Texas' Top Judge Asks Lawmakers For Big Changes
The top judge on the Texas Supreme Court gave lawmakers a big wish list during his State of the Judiciary speech in Austin today. Chief Justice Nathan Hecht’s list includes some new spending, some savings and fundamentally rethinking business-as-usual in Texas courts.
In his first address to the legislature since Hurricane Harvey hit Texas, Hecht began by praising court officers and the wider Texas legal community for rallying to help meet the needs of struggling Texans and preserve court records during the storm and the long recovery. Saying the Texas legal system took a staggering blow but remained resilient, the judge called on lawmakers to give more authority to modify or suspend court procedures during a disaster, and more funding to weather future catastrophes.
Hecht also added a big technology upgrade to his wishlist. Texas has some of the busiest courts in the country, he said; courts whose most dire need is new technology to keep up with caseloads 23 times higher than all the federal courts in the country.
Also on his wishlist: A 15 percent raise for those busy judges. Texas judges, he says, have seen just two pay raises in the last 18 years, and their pay scale is well below that of other big states.
Judges know their public service will involve personal sacrifice, he told them, “but public service should not be public servitude.”
When it comes to spending, Hecht says Texas should allocate more money for legal aid than it already does, so that the 5.5 million Texans who couldn’t otherwise afford access to the legal system without some financial help from the state can get it, especially veterans and victims of sexual assault.
“Every year lawyers donate millions of dollars plus two million hours in free legal services,” Hecht said. “Yet with all that effort, estimates are that only 10percent of the need is met.”
It wasn’t all about spending, though. The judge voiced support for changes that would save taxpayers money.
One change, Hecht suggests, is to stop arresting and jailing people for failing to pay fines that they couldn’t afford to pay in the first place. The state saved about $2.4 million last year partly thanks to 2017 legislative changes giving judges more leeway to waive fines and fees for low-income defendants or offer a cost-free alternative like community service. Hecht thinks there’s more to be done to stop imposing unpayable costs on poor people.
Here’s another cost-savings option Hecht supports: overhauling the bail system. Texans spend about $1 billion a year locking people up before they’ve been convicted of a crime. The way pretrial detention decisions are made in most counties are based on a set schedule of bail amounts based on criminal charges.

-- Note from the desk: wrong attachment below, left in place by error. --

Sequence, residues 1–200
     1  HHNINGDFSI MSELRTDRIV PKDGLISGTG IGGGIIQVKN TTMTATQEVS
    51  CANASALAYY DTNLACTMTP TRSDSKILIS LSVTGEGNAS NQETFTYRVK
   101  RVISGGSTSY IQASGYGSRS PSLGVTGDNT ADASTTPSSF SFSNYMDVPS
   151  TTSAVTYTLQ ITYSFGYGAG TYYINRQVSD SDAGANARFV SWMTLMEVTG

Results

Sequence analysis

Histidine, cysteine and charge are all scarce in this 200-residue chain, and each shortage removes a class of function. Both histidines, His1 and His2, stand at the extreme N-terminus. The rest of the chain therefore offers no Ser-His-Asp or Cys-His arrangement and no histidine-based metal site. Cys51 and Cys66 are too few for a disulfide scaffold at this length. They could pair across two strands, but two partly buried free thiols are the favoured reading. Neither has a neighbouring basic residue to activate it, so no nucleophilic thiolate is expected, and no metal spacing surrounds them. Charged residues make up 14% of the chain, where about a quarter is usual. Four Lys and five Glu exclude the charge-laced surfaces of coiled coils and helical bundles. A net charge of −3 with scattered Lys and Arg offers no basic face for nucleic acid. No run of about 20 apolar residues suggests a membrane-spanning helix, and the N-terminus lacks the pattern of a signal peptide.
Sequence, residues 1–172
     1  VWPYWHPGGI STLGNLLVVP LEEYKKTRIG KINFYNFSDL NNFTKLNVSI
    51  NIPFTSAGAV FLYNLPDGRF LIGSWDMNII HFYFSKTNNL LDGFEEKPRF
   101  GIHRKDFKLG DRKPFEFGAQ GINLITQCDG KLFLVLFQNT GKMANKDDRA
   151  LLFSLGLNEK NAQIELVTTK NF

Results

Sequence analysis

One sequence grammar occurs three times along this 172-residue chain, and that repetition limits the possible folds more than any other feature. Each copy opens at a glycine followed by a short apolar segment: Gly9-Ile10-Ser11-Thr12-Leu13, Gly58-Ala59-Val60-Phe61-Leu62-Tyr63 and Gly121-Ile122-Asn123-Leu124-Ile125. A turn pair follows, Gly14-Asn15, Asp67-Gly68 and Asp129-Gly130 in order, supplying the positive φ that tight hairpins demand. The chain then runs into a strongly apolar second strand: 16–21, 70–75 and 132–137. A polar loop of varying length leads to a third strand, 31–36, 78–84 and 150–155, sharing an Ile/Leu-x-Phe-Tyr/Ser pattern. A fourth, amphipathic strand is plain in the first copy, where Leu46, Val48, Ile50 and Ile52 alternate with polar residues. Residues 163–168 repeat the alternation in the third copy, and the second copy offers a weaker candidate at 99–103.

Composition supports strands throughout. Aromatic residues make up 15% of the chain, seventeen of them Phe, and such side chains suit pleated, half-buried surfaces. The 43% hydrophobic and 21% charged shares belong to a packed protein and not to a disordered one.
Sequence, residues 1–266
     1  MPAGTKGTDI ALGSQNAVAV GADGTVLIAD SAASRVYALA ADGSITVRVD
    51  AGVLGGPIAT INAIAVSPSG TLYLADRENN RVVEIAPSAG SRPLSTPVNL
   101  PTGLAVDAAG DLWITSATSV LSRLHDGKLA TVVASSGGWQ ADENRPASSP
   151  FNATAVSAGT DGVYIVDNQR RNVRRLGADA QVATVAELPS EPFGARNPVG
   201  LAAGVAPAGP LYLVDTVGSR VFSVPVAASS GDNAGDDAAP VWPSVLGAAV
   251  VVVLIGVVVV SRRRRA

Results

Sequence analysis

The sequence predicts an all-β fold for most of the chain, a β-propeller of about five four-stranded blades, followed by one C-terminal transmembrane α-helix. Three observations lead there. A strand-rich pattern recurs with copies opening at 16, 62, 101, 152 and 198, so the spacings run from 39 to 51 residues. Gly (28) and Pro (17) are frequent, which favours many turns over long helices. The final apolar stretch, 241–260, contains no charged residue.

Hecth says that means poor people who aren’t a threat to public safety often get stuck in jail for lack of cash to get out, while potentially dangerous people with big enough bank accounts are released, like the man who shot and killed Texas state trooper Damon Allen in 2017 after paying a bail bondsman $1,550 to get him released from jail.
Allen’s story was the impetus for the governor to call for changes to the way bail works in Texas, and Sen. John Whitmire, D-Houston, and Rep. Andy Murr, R-Kerrville, named their bail-reform bill the Damon Allen Act of 2019. Hecht supports the move to to keep higher-risk people in jail before trial and make sure people aren’t in jail solely because they can’t afford to get out.
“Let me be very clear: money bail has its place, but blindly following a one-size-fits-all schedule of offenses and amounts is not informed decision-making,” Hecht said.
“Every day that this continues, public safety is compromised unnecessarily,” Hecht said.
In the last legislative session, Hecht pushed for similar changes. The Senate passed the changes, but the bill failed in the House.
Since then, separate lawsuits have been filed in Dallas, Harris and Galveston Counties charging that using a set schedule to determine bail unconstitutionally kept people locked up.
Another major change Hecht favors: Changing the way that Texans pick their judges.
After the last election saw huge swaths of trial and appellate courts flip from Republican to Democratic control, Hecht says it’s time to think about picking judges in a non-partisan way. He’s a Republican, and says he’s never been a fan of partisan judicial elections.
“When partisan politics is the driving force, and the political climate is as harsh as ours has become, judicial elections make judges more political, and judicial independence is the casualty,” he said.
The last things on his list were all about making a justice system that better protects the interests of the vulnerable – children and the elderly, people with mental illness and intellectual disabilities. The courts, he said, are committed to trying to get every case right.